FILMFARE FOR CALCUTTA
by Film Correspondent
The Fourth Calcutta International Film Festival, which began in Calcutta on November 10, is a major reminder of the way in which this city has grown into a major centre of learning in the art of cinema. For those who were witness to the first such festival in the early Eighties, this latest cultural event has come as a reevaluation as much as being the harbinger of a new awakening. Inaugurating the festival, the Chief Minister of Bengal, Mr Jyoti Basu, said that 2.77 lakh cinegoers had been the beneficiaries of the festival which only went to prove that the people were with the Left Front government in all its ``pro-people activities.'' Mr. Basu also reminded the people that the Front Government had always stood by them and taken them into confidence; in fact, this festival would not have been possible without the help and active participation of the general people.
A major focus of the festival has been the participation of foreigners and their films; this time there has been a manifold increase in the percentage of participation. Film buffs of this city as well as the national audience have been getting a taste of the best products of the market, both foreign as well as that of the country, and the festival, till date, has been one of the major feathers in the state government's cap.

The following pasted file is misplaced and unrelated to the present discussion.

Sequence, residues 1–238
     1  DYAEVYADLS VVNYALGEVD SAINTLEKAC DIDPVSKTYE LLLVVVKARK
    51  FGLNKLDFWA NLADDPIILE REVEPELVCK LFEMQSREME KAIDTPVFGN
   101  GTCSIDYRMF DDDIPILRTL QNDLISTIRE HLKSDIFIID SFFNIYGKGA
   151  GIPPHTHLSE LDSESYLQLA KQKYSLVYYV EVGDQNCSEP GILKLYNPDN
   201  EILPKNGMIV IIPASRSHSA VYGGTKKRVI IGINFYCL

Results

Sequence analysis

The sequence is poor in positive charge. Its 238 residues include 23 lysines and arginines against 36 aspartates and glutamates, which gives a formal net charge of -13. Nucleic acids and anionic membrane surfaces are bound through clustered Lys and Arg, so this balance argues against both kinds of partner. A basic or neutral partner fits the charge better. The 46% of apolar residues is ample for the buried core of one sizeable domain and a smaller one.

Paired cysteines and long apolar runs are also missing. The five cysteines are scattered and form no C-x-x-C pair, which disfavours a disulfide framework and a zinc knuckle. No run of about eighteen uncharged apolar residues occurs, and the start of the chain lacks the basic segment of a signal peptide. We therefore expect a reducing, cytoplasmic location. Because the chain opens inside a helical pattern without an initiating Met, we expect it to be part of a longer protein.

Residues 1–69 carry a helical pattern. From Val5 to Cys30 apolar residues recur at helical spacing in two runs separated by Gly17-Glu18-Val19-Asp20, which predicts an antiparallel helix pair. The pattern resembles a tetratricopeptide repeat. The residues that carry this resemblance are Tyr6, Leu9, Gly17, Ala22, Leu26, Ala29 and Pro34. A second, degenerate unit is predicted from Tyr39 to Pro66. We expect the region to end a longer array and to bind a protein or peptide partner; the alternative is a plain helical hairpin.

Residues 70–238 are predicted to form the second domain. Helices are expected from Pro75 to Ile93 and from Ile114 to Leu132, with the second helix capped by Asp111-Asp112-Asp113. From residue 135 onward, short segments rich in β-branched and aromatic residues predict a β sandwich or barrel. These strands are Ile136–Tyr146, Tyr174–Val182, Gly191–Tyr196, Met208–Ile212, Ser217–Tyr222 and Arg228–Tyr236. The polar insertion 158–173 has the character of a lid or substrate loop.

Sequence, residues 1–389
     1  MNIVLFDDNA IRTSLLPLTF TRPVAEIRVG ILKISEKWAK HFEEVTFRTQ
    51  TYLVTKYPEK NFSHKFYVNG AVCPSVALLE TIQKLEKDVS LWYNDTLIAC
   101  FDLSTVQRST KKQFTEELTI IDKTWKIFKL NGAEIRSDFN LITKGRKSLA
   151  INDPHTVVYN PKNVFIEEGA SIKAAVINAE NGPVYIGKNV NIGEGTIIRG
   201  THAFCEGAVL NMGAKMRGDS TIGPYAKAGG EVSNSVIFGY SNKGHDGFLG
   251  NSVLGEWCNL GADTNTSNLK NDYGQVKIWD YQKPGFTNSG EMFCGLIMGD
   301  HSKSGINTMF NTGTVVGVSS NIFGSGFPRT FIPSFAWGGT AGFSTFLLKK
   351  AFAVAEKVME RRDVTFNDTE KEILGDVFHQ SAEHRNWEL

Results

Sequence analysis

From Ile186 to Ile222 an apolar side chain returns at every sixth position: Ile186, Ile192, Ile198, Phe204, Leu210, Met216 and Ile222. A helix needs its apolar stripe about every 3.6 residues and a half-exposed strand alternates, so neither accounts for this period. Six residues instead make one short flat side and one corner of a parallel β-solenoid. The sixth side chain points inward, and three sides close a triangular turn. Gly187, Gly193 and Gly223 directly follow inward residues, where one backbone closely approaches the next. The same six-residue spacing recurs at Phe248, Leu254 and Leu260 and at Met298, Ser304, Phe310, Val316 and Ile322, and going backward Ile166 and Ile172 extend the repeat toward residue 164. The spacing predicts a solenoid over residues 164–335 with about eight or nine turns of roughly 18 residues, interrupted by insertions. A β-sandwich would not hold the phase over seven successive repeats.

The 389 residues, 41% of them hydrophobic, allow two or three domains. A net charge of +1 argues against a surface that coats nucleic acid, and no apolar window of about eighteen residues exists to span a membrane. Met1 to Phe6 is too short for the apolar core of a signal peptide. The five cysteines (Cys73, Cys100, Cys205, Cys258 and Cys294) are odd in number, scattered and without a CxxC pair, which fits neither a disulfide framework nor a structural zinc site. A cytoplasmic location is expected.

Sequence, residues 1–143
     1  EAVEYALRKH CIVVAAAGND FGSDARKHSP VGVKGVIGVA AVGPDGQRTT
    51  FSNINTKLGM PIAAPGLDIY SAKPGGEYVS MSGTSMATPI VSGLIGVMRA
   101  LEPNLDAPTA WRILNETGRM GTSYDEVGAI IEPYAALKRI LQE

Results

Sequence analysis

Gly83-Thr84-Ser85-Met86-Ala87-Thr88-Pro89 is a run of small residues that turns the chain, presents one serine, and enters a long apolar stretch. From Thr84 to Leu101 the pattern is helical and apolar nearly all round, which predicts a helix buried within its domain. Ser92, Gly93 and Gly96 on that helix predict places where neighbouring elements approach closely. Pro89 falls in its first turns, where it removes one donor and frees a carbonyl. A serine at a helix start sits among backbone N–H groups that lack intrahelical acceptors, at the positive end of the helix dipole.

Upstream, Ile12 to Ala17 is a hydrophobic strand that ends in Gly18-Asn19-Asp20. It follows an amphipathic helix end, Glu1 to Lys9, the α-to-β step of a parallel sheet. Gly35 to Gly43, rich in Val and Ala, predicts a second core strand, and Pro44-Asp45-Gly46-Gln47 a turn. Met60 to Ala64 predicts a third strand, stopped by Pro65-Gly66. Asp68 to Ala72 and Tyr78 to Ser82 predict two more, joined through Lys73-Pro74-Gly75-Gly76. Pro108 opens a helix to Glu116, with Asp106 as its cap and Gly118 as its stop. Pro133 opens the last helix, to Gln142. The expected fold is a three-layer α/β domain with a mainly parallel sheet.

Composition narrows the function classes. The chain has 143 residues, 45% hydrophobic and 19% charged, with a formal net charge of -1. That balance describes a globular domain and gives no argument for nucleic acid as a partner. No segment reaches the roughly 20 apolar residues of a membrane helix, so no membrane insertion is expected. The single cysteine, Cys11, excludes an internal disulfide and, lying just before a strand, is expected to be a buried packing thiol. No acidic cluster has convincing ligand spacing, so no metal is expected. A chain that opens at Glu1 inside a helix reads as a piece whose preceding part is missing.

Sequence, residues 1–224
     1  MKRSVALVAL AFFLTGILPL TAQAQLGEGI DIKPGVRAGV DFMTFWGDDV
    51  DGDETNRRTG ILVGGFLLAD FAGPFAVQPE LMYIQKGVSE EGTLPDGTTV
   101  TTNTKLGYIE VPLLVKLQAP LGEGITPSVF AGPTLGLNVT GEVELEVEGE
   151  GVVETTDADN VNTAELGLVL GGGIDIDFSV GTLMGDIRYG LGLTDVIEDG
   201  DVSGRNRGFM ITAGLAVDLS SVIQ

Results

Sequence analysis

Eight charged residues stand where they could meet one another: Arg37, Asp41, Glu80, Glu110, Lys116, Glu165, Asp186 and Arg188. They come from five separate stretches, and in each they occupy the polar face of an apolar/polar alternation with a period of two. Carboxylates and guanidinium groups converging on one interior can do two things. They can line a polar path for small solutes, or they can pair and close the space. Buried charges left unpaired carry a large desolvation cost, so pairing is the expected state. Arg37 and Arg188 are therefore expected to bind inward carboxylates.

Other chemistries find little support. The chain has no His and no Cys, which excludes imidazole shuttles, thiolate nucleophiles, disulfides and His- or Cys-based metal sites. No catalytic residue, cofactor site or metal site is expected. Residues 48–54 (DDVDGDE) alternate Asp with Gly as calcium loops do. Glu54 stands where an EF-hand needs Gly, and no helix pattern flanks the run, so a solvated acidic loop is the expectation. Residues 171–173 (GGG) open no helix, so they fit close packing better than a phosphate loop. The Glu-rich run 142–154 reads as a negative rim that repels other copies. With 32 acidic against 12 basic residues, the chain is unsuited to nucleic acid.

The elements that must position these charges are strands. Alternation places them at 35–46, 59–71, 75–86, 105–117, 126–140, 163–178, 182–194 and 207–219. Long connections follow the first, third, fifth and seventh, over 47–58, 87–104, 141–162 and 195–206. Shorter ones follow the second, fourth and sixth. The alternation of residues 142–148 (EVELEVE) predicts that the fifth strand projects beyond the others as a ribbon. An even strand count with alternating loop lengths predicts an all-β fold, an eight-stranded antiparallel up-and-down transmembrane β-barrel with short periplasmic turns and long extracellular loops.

Another feature of this festival has been the recognition given to it; in the words of the state information and cultural affairs minister, Mr. Buddhadev Bhattacharya, the membership of FIAP has been the biggest gain for this year's festival. ``This would mean that the Calcutta Festival will shine alongwith other big venues like Berlin and Cannes...This is indeed a matter of great pride for us and the state,'' Mr. Bhattacharya said.
The festival was inaugurated by Akira Kurosowa'a ``Red Beard'' and was a fitting tribute to the man who died earlier this year. Also Sergei Eisenstein , Bertolt Brecht and Lorca were remembered with exhibitions on their works. All in all, the effort was clearly to make it a major national event in the years to come and make it a landmark cultural show. Out of the 130 films on view, more than 100 were foreign films. Major film personalities like Janussi have come for the fest.
Significantly, the Calcutta Festival ranks third as far as viewer strength is concerned. According to government estimates, ``this should only mark a beginning'' and that the state government would always stand by the festival committee to give it a more ``focussed'' direction.
A surfeit of books, in keeping with
culture-happy Calcutta, have been released on the occasion, mostly by veterans as well as
promising young film critics. A visit to the Nandan auditorium premises, another landmark
built by the Front Government for the preservation and spread of the visual arts, revealed
that the enthusiasm was unabated and the cry for tickets for a single show surpassed all
expectations. Calcutta once more is at the forefront; the film festival has proved yet
again that despite all our problems in our daily life and the crisis that is having a
debilitating effect on our country, the masses of the City of Joy are ever ready to take
another shot at culture and keep its reputation intact.
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